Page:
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There's a very chilling symbolism in the fact that on the eve of Yom Kippur we learned that the Ukrainians had proposed to erect a hotel, of all places, where the Babi Yar memorial is located. It has now been announced that these plans are being scrapped. Nevertheless, that anyone could have considered it proper to desecrate the site in order to prepare for the 2012 European soccer championships, is an outrage in itself. It signifies callousness - if not outright disdain - towards Jews.
According to the Hebrew calendar, it was on Yom Kippur eve in 1941 that Kiev's Jews were ordered by Nazi occupation forces to report for evacuation with documents, valuables and even warm clothing and undergarments. The deception was maintained until the end, when small groups were led separately to a gaping pit. Driven through a narrow corridor of executioners, they were beaten, commanded to undress and then machine-gunned. In a two-day orgy of ruthless bestiality, 33,771 Jews were murdered - more than all the casualties renascent Israel has suffered in its decades of struggle to survive.
The killing field at Babi Yar would likely have been forgotten, as were numerous other bloodlettings in that area in that darkest of times, were it not for Yevgeny Yevtushenko's 1961 epic poem. Yevtushenko shamed the Soviets into erecting a monument at the site, though it didn't mention Jews; a commemorative menorah was put up by Jewish groups in 1991. Previously the Soviets had dammed and flooded the ravine with mud and the runoffs from nearby quarries.
Independent Ukraine hardly excelled either in honoring the dead. No major government-sponsored commemoration took place there in the years after the Ukraine extricated itself from the USSR.
Only in 2006, responding to accusations of Ukrainian antipathy, did Kiev announce that the massacre site would be turned into "a state historical and cultural reserve," which would include "a museum dedicated to Jewish victims."
This wasn't an easy announcement to make in a country that still bristles with anti-Semitism and where it is routine to equate the Holocaust with the Stalin-instigated 1932-33 Ukrainian famine. It was apparently considerably easier to renege, and instead opt for the reverse of somber remembrance - the construction of lodgings for football fans. The change in plans occurred this weekend, only after protests, fear that Ukraine would lose face and the personal intervention of President Shimon Peres.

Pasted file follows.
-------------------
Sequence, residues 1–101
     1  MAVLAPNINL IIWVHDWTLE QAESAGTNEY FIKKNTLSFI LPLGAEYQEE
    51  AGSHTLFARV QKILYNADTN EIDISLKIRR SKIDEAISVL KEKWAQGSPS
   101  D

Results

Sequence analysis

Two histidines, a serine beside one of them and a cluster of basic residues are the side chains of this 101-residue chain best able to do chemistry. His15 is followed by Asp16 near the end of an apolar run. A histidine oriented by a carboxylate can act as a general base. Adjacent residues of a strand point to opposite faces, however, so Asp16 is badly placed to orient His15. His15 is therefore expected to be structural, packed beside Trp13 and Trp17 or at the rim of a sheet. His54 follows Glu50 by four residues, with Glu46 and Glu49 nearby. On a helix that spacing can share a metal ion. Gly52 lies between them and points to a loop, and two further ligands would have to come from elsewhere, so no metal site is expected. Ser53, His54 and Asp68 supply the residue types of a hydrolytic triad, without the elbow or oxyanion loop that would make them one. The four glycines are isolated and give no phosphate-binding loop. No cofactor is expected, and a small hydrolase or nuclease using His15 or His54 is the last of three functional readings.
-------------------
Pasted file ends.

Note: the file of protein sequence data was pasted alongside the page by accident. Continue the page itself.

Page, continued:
THE HOLOCAUST'S trail of destruction moved Ukraine and Eastern Europe to the sidelines of current existential Jewish concerns. Nazism's torchbearers today reside closer to the Jewish homeland - foremost in the regime that rules Iran, and emblemized by its President, Mahmoud Ahmedinejad, who denies the Holocaust while in the same breath calling for its extension: wiping Israel off the map. Iran's fundamentalist leadership seeks nuclear firepower to further that genocidal goal and remake the world order.
Last Wednesday, Ahmedinejad restated his toxic themes at the UN General Assembly. Prime Minister Netanyahu's articulate condemnation - of the speaker and those who had shamelessly stayed to hear him - from the same platform the next day was intended as a wake-up call to a slumbering international community. One fears it fell on disinterested ears.
EVERY YEAR for the past 36, this nation has labored with the trauma of the 1973 war, which broke out on this most solemn of days and for which, in our hubris, we were so unprepared. Each year anew, on this day of introspection and reckoning, we must resolve to act with courage and wisdom to protect our existential interests.
Our prime minister, rightly and commendably, sought again last week to impress upon world leaders that the struggle against Teheran's Islamist fanaticism pits "civilization against barbarism, the 21st century against the ninth century, those who sanctify life against those who glorify death."
Ultimately, however, our own history has demonstrated that the Jewish nation dare count only on itself, that others cannot be relied upon to watch over us.
Nazi Germany was emboldened by the world's thundering silence in the wake of Babi Yar to industrialize mass-murder. The difference almost 70 years later, while the international community largely conveys the same message of indifference as Teheran incites toward genocide, is that the Jews today have a state of our own and the means to protect it.
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